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This installment: three novels-- a complex story exploring cyber-bullying, adoption trials, and a lost daughter; Asian-American college students politicized and confused two decades later; and the schadenfreude of a bad family holiday.

   So Far Away by Meg Mitchell Moore

Kathleen, a young widow, is an archivist whose daughter Bridget fled with no trace. Natalie is a lost 13 year old who seeks Kathleen's help tracing Bridget, whom she discovers from an old diary found in her attic. What starts as a school project morphs into a life crisis as Natalie becomes a victim of cyber-bullying. Natalie is tough, determined, but secretive. Her single mother is severely depressed. Meanwhile Kathleen's assistant Neil is trying to adopt an orphan from Haiti with his partner, Adam, and it's not going smoothly. Bridget's early 20th century story unfolds in pieces. All these strands come together satisfyingly. Set in and around Boston.

   The Collective by Don Lee

Three Asian Americans connect at Malacaster College. Eric tells the story, starting with Joshua's apparent suicide in Cambridge 20 years later. Joshua is challenging from the start: brilliant, infuriating, charismatic, talented, but oddly disconnected. The two men become writer and Jessica an artist. When the three become tangled roommates in Joshua's Cambridge house, a loose collective forms, unclear on its purpose but full of plans and endless discussions. Lee shares the layering and conflicts facing Asian Americans with lively rhetoric and lots of slang, such as "yellow cab" for an Asian chick who'll only date white guys. Lots of skewed relationships and heartbreak, career fumblings, and lost dreams. I appreciated this view into a complex subculture, as well as the colorful writing.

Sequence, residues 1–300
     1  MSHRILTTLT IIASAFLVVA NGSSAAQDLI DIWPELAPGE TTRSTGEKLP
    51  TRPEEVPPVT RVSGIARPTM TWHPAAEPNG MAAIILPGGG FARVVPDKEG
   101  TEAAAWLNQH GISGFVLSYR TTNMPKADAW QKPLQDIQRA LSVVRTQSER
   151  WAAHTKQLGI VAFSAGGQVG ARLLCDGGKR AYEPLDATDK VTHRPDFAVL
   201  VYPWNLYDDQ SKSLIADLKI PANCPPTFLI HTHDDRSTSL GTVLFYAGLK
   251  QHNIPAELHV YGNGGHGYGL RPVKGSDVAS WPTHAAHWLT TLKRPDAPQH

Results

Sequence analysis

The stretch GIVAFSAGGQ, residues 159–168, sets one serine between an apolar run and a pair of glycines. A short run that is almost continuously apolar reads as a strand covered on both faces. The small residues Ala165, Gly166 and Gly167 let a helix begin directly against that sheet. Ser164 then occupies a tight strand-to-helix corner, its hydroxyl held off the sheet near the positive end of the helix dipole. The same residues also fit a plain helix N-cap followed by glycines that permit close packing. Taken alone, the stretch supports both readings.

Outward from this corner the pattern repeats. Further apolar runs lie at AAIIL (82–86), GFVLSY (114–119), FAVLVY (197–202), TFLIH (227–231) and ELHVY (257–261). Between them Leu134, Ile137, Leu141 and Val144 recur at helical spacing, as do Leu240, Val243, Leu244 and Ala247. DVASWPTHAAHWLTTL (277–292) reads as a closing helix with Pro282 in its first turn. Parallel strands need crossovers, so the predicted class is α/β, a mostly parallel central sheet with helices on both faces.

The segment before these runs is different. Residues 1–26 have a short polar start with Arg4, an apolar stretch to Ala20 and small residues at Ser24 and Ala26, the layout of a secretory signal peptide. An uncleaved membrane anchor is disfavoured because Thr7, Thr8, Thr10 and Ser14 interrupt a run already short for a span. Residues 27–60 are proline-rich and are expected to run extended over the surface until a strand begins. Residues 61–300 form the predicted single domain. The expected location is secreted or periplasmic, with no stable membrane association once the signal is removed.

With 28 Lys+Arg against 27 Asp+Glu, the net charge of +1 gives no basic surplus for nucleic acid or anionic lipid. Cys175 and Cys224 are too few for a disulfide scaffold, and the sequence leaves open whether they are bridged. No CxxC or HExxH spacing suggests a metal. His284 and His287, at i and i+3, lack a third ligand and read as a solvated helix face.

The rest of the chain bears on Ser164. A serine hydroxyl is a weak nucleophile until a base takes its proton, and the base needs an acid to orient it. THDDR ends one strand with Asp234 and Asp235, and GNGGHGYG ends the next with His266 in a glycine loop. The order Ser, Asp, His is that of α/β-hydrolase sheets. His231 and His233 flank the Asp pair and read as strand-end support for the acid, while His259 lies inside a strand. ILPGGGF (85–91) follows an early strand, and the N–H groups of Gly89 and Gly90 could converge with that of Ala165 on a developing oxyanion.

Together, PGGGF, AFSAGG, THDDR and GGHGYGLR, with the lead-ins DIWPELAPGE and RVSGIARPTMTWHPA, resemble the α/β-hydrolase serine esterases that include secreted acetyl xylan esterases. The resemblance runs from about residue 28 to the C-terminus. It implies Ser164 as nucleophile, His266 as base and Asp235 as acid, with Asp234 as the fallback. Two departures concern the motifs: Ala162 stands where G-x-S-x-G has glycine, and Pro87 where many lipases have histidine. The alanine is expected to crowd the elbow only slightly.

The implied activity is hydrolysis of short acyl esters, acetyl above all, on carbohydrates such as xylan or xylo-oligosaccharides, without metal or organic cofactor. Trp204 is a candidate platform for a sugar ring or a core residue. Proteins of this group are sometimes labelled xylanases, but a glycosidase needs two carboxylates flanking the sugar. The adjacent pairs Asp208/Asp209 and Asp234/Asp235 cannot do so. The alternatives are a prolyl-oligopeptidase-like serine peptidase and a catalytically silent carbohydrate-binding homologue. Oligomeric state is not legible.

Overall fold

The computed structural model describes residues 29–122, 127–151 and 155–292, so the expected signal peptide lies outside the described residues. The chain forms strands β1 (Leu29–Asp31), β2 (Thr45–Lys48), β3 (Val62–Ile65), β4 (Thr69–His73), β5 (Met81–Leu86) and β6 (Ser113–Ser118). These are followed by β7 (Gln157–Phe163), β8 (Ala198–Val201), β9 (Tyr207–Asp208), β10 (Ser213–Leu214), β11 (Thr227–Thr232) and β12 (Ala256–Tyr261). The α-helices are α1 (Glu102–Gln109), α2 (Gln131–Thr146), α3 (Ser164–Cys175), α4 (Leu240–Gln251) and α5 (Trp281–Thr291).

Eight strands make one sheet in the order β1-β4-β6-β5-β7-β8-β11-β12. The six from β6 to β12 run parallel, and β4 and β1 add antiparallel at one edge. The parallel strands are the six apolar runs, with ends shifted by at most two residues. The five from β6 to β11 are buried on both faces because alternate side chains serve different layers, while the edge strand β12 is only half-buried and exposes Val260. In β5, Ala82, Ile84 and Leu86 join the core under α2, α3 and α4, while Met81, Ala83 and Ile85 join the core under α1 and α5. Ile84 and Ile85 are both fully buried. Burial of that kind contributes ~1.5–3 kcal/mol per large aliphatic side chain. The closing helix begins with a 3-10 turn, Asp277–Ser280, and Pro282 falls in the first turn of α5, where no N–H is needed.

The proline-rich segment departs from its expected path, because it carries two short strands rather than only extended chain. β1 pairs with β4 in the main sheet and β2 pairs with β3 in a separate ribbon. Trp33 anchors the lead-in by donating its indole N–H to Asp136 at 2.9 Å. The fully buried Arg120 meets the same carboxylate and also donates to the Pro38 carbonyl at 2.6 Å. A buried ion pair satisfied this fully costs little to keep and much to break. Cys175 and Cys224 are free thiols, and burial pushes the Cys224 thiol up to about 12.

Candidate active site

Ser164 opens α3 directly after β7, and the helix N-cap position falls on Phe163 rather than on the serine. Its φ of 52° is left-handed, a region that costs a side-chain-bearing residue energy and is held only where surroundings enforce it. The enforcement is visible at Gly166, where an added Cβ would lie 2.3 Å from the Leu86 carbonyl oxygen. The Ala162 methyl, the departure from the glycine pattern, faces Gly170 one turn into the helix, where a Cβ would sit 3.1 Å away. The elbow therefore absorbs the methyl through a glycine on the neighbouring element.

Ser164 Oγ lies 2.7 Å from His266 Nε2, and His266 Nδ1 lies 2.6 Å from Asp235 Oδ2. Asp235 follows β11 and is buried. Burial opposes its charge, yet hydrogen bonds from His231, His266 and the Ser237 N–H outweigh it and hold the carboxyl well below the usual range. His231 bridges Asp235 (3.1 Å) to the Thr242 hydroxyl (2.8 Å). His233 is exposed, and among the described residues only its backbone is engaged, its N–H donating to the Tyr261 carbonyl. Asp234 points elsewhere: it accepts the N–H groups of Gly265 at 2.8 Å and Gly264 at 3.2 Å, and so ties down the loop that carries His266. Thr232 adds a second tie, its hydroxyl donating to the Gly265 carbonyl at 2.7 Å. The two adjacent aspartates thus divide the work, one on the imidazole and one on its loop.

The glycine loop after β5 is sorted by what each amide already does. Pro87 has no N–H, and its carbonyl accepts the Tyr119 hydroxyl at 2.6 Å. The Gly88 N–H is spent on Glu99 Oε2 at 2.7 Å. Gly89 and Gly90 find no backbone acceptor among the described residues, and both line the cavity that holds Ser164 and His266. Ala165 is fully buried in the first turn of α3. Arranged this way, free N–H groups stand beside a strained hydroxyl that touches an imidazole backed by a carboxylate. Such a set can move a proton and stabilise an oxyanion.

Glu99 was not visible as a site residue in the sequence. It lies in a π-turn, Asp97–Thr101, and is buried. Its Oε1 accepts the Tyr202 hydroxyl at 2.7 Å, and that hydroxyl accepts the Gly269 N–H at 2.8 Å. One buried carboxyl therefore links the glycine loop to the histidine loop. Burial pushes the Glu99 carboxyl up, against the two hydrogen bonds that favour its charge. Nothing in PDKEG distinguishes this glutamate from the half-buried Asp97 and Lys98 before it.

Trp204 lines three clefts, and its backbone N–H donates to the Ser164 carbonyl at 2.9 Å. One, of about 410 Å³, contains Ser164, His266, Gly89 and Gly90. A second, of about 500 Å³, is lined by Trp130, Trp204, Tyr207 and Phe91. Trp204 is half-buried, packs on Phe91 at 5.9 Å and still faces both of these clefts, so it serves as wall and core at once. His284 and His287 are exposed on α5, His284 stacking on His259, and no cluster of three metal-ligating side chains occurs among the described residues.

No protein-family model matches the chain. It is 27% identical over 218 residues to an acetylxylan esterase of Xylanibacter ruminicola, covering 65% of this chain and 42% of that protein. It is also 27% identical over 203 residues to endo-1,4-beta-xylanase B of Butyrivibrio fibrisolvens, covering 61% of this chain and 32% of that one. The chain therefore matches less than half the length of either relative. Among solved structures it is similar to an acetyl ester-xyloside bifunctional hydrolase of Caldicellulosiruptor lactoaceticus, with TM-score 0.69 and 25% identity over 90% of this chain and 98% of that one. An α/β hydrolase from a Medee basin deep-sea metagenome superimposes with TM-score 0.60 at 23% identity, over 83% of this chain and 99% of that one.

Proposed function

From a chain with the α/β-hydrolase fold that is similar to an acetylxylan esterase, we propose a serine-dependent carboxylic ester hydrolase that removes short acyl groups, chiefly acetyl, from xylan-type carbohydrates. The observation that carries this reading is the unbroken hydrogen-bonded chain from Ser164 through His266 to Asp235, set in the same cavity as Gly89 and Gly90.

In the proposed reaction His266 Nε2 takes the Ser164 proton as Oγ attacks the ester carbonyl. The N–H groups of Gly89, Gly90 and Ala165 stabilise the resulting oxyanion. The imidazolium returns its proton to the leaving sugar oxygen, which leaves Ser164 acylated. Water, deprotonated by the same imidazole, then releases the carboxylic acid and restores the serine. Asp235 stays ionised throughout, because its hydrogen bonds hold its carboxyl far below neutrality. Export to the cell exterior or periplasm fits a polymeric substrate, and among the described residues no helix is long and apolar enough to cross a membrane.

The Red House by Mark Haddon

Oh the fecund stewpot of a dreadful family vacation. In this case the aged mother has just died and Angela, the daughter who provided much of her care, is a mess, as is her the rest of her family (3 kids. husband out of a job and embroiled in an affair). Brother Richard, the one with money, rents a rural farmhouse for a week and his family has its own tensions. The teenagers are especially volatile, deprived of the internet and simmering with hormones. We're privy what goes in the minds of all these tortured souls and get to see how it plays out. Truths emerge, and some detente, but there's no neat ending (which I appreciated). One fascinating aspect: Angela is haunted by her still-born, deformed first child and that preoccupation is finally laid to rest.

Back 4th week in January—Hasta Luego!


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Posted by: Neshama

Neshama works at the Fairfax Library.

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